With a 10 year head start on the rest of the competition, the United States remains, by far, the world’s leader in drone technology. Surprised?
Drone technology was initially created to safely and discreetly gather information about an area, person, or thing by the CIA. These government drones can spy on any given target from far above sea level, usually untraceable to the human eye. With these practical features, drone technology naturally caught the media’s attention when introduced to the open market.
The emergence of civilian drones (figure 1) is quickly dismantling our traditional view of pen and paper journalism and turning it into a floating machine, quietly buzzing around its business. This evolution in news-gathering is occurring so rapidly, that any credible news media source has already fully implemented drone technology. What most technologies strive to achieve in years, drones did in matter of weeks, turning the media world upside down.
Today, media outlets not implementing drones to gather information are quickly written off as dinosaurs and left in the dust. Why would one stream rush hour traffic from a multi-million-dollar helicopter when you can toss a drone out of NBC’s window and do the same thing? The massive savings in cost and reduced liabilities aren’t the main reason why these companies are switching over (unheard of in the business world), in fact there are multiple reasons ahead of this. For starters, as mentioned before, if you don’t use drones you are a dinosaur. Period. The rest of the reasons all stem from the seemingly endless capabilities of drone technology to revolutionize the service being provided by the media. These journalists now have a new means to approach and cover a story, providing consumers with new angles (literally and figuratively) on the news as its occurring.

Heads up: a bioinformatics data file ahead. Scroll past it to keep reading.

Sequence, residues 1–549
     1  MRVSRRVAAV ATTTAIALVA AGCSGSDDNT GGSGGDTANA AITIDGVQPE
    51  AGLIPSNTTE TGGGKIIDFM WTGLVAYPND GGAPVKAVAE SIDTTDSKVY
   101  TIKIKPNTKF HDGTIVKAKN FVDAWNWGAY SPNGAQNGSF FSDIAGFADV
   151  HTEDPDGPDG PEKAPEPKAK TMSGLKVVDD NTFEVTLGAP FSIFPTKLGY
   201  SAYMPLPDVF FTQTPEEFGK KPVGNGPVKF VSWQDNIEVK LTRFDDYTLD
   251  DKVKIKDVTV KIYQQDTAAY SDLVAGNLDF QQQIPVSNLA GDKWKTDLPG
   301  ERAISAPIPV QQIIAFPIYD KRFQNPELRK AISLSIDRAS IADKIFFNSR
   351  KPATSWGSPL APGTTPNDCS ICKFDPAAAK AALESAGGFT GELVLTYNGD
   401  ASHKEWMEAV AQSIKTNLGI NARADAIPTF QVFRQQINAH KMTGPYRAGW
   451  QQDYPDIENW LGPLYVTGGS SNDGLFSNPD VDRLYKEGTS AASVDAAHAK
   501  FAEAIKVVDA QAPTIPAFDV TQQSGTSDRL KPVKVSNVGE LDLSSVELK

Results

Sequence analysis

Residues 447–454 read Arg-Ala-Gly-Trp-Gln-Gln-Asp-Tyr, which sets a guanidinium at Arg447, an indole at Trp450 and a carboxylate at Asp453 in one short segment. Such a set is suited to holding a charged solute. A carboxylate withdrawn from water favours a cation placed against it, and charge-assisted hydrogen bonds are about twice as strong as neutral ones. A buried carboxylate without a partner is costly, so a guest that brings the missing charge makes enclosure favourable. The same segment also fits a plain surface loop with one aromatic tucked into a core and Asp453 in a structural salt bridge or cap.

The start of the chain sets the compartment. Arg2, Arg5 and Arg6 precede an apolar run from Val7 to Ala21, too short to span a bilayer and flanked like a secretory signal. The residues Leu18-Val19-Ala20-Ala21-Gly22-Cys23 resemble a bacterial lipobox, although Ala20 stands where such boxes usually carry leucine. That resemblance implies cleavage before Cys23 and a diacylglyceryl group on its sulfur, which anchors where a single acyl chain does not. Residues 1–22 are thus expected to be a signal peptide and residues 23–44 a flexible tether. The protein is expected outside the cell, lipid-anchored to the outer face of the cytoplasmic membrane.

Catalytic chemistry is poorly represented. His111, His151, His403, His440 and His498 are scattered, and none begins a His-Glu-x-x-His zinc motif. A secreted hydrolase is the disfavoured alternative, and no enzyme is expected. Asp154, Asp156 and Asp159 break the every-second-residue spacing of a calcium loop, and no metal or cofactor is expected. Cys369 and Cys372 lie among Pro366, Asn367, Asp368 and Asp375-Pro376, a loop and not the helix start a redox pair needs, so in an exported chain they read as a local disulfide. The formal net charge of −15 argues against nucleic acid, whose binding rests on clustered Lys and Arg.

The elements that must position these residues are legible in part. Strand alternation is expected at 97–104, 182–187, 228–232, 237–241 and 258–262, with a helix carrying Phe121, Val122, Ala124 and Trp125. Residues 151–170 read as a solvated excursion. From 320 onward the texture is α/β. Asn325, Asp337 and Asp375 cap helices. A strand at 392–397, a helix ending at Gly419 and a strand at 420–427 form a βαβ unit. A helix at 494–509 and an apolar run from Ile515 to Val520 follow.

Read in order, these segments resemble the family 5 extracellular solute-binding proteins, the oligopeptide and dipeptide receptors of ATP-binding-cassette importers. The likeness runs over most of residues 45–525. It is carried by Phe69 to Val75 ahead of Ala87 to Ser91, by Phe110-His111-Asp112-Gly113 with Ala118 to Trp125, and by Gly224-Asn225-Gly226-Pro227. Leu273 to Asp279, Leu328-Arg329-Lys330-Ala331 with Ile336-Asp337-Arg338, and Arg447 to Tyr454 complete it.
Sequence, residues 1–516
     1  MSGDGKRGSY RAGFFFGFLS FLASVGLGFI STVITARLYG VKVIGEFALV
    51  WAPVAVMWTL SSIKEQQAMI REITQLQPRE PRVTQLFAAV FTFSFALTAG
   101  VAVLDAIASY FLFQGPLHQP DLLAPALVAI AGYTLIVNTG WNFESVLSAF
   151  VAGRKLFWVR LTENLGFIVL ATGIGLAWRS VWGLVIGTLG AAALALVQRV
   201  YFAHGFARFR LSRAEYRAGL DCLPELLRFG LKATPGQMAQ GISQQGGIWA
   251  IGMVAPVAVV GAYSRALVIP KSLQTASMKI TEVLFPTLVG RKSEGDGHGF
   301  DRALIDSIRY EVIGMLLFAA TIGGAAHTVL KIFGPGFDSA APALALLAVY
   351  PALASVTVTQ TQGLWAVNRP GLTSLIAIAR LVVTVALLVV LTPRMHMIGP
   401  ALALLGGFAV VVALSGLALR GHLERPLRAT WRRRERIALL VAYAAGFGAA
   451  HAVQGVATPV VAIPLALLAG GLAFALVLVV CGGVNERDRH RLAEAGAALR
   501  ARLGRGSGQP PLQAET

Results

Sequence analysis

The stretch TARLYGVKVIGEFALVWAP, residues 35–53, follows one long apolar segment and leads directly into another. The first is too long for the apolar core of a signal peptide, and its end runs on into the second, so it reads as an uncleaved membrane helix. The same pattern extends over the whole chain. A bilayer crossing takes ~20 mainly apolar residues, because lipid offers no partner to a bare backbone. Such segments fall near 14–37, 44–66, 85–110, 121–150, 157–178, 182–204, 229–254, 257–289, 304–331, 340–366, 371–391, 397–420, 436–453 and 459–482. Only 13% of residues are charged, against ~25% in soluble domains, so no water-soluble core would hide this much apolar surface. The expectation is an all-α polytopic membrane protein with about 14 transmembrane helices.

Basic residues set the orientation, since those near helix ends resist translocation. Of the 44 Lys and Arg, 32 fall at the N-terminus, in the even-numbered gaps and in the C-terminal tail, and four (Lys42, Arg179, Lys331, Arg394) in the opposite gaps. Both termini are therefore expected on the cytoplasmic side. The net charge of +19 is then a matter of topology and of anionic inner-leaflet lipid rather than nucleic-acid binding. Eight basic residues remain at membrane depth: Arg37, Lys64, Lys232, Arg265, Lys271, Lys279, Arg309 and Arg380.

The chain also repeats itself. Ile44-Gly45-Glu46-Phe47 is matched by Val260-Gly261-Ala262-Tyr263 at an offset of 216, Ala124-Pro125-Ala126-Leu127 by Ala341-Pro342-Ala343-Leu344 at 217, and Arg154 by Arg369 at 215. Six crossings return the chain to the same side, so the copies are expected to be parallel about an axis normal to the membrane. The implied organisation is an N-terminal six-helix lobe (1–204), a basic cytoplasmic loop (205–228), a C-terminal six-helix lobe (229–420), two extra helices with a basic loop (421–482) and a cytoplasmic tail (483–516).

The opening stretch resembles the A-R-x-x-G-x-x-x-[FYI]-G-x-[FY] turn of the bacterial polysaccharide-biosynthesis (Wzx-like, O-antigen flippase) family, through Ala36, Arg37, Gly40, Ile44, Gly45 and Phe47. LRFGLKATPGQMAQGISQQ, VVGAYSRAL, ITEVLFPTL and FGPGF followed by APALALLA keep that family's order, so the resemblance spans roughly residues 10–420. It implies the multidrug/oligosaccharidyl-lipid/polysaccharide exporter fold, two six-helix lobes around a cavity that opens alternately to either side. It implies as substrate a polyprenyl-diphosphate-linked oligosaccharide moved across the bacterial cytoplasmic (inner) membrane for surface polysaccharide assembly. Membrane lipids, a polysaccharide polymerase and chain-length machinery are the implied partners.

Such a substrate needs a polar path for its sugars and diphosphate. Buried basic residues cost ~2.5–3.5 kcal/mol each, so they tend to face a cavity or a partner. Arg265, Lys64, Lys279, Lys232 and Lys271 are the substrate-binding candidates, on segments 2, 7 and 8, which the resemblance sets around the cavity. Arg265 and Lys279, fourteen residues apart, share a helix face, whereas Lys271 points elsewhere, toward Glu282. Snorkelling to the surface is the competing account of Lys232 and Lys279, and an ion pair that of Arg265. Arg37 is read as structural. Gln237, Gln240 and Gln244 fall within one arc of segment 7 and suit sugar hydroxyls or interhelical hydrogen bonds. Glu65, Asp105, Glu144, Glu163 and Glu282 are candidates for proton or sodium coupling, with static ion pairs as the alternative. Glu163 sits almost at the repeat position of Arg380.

The New York Times was one of the first media groups to spearhead this approach, highlighting how drone technology is making this possible. Last October, they released a story on the Syrian Civil War’s destruction of Aleppo using a drone (figure 2). The drone’s footage documented the devastation in such a way that it produced feelings impossible to recreate by traditional journalism.
The footage evoked these strong emotions by showing us the sheer magnitude and volume of destruction that one could never document from the ground. Drones take the message traditional journalism complicates and serves it to you bluntly, enabling a raw, uncut understanding of the subject. To simplify, if The Times documented the destruction of Aleppo traditionally one would think, “Gosh darn, that city is destroyed” as opposed to, “Holy smokes, that whole city is literally destroyed” with the drone.
The key takeaway here is that drone technology greatly facilitates the interpretation of messages we are trying to send through the media. The point of human communication is to receive and interpret messages we send to each other, and drones greatly facilitate the interpretation of these messages. If this is true, then this isn’t just a media revolution but a
societal one as well. Imagine trying to explain to our privileged kids what it’s really like to be poor, to starve, to sleep on a floor, and to live in despair through a photograph? You can’t, but rather envision following a starving child going through his daily activities in real time with a drone? The enormous capability of drones to convey messages reduces the cultural boundaries between societies so that we can gain a better understanding of each other as humans. Isn’t this the greatest gift technology can give?